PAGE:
17/01/2013 08:32 GMT | Updated 19/03/2013 05:12 GMT

When It Comes to Big Data, Let's Not Forget the Little Guy

Our world is ruled by data. All around us, people, institutions and businesses are busily funnelling information through an ever-increasing variety of technological media.

Each minute of the day we perform over 700,000 Google searches, publish over 695,000 Facebook posts, punch out over 98,000 tweets and write over 168 million emails - all contributing to an ever more complex, confusing and intricate web of data.

The mastery of Big Data is what has made Facebook a seamless global interface used by a billion people. It's what allows Twitter to carry the weight of millions of opinions. And it's what has made Amazon one of the most powerful retail operations on the planet.

It is clear that this wealth of information contains enormous commercial benefits, enabling the growth of today's commercial titans. But it's not just for big business.

A recent study by Intuit showed that Big Data's biggest beneficiary could in fact be small businesses - and consumers too.

It's a big focus for us. As a company that safeguards the financial data of around 60 million customers, Intuit is keenly aware of the huge potential benefit that customers themselves can draw from the power of their own data as well as the collective wisdom of millions of fellow customers.

Over the next few years I strongly believe that we will see the emergence of what might be termed a 'new data democracy'. Swathes of information will become increasingly accessible to individuals and small businesses - who in turn will be increasingly able to understand, process and refine it into real practical insight.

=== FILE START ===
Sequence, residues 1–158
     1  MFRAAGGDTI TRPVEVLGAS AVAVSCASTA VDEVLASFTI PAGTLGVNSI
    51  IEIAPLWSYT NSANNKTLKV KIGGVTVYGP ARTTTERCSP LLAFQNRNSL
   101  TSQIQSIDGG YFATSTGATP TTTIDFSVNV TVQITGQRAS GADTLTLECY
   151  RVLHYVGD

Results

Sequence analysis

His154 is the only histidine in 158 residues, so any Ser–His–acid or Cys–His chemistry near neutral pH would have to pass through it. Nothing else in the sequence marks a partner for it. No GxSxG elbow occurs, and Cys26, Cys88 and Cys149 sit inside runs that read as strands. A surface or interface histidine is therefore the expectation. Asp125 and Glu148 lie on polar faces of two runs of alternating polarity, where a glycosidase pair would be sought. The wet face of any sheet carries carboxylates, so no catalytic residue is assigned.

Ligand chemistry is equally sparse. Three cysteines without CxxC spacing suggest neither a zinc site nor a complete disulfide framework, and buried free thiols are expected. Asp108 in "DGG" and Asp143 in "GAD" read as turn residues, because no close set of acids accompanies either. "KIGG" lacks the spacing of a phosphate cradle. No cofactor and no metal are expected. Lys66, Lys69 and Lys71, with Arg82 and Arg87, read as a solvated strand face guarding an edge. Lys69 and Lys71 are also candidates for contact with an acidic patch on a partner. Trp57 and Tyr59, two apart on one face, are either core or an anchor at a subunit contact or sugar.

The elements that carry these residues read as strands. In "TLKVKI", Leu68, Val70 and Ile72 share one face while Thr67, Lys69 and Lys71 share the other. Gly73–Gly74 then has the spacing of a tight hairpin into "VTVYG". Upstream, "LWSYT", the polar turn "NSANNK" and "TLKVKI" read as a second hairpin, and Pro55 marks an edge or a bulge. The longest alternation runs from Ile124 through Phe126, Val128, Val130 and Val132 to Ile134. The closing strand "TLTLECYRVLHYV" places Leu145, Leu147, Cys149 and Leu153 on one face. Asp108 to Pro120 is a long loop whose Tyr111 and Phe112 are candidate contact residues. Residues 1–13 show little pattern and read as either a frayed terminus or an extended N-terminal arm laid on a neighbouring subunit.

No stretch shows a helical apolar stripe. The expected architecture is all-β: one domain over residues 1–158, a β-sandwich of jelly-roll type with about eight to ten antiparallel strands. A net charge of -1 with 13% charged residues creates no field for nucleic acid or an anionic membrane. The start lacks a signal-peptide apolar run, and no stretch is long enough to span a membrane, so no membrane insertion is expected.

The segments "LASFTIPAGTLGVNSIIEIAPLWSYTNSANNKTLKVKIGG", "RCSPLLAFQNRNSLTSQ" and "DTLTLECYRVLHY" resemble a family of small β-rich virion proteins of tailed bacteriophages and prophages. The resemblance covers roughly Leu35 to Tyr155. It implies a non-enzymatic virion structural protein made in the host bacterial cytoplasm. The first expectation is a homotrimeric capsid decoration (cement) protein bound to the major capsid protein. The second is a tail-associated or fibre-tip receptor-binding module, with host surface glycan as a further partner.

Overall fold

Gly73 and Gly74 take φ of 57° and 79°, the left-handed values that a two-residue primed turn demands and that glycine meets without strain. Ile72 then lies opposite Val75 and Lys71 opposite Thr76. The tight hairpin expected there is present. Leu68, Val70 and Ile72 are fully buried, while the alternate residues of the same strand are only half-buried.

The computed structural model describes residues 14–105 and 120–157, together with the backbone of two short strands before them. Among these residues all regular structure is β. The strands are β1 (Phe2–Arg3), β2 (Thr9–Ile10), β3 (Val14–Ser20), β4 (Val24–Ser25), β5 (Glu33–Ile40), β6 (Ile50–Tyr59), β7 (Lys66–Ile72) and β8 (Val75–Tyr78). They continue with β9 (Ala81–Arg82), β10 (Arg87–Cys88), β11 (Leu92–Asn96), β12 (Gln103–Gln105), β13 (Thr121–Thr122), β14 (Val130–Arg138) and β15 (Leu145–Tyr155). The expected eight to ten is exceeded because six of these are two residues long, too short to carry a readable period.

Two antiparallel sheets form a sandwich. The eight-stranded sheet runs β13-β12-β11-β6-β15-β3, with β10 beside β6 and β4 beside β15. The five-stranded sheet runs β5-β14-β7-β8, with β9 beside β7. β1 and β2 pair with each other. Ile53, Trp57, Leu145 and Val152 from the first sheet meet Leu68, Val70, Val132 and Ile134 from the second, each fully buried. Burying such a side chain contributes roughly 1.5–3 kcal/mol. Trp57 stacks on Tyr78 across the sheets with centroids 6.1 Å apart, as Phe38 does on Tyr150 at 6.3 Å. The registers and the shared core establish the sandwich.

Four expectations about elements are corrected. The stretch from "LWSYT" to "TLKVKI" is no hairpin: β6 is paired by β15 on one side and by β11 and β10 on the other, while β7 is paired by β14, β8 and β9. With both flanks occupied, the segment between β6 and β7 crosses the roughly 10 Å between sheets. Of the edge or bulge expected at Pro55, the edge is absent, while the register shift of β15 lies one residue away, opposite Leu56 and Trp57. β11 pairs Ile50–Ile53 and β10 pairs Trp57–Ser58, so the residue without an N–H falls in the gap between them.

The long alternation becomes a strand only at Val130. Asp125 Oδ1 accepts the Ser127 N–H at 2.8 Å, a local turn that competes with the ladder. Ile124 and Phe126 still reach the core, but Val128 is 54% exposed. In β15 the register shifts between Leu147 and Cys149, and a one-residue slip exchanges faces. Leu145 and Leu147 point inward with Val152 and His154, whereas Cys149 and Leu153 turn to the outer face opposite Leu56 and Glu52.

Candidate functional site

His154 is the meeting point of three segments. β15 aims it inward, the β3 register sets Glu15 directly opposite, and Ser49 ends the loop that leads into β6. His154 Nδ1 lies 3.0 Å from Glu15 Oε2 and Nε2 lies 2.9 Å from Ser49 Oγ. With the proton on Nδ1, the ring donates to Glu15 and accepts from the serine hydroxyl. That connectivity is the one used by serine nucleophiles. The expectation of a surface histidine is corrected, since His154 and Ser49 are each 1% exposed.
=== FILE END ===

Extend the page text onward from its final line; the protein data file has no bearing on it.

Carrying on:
Equipped with a commercial understanding previously the preserve of major corporations, small businesses can drive efficiencies, improve their profitability, attract new customers and, ultimately, contribute to economic growth.

Take Startup Compass, a company which collects data from tens of thousands of new companies, providing the entrepreneurs who use it with an ever-growing body of best practice, performance indicators and benchmarks. There are already 17,000 businesses submitting information and using the service to inform decision-making and run their businesses.

But it's not just small businesses that stand to gain - the new data democracy spells good news for the consumer, too. All that tweeting, posting, searching and buying will soon pay dividends, as they are provided with a broad array of opportunities they previously lacked.

From what to purchase and where to purchase it from, to forging new relationships and building communities - Big Data will help individuals to chart a course through the increasingly confusing maze of modern life.

Data will soon become the defining raw material of the modern commercial age, taking pride of place alongside the traditional forces of land, labour and capital - and small businesses and consumers will be just as significant users as multi-national corporations.

When it comes to Big Data, let's not forget the little guy.

Mark Little is Vice President and U.K. Managing Director of Intuit.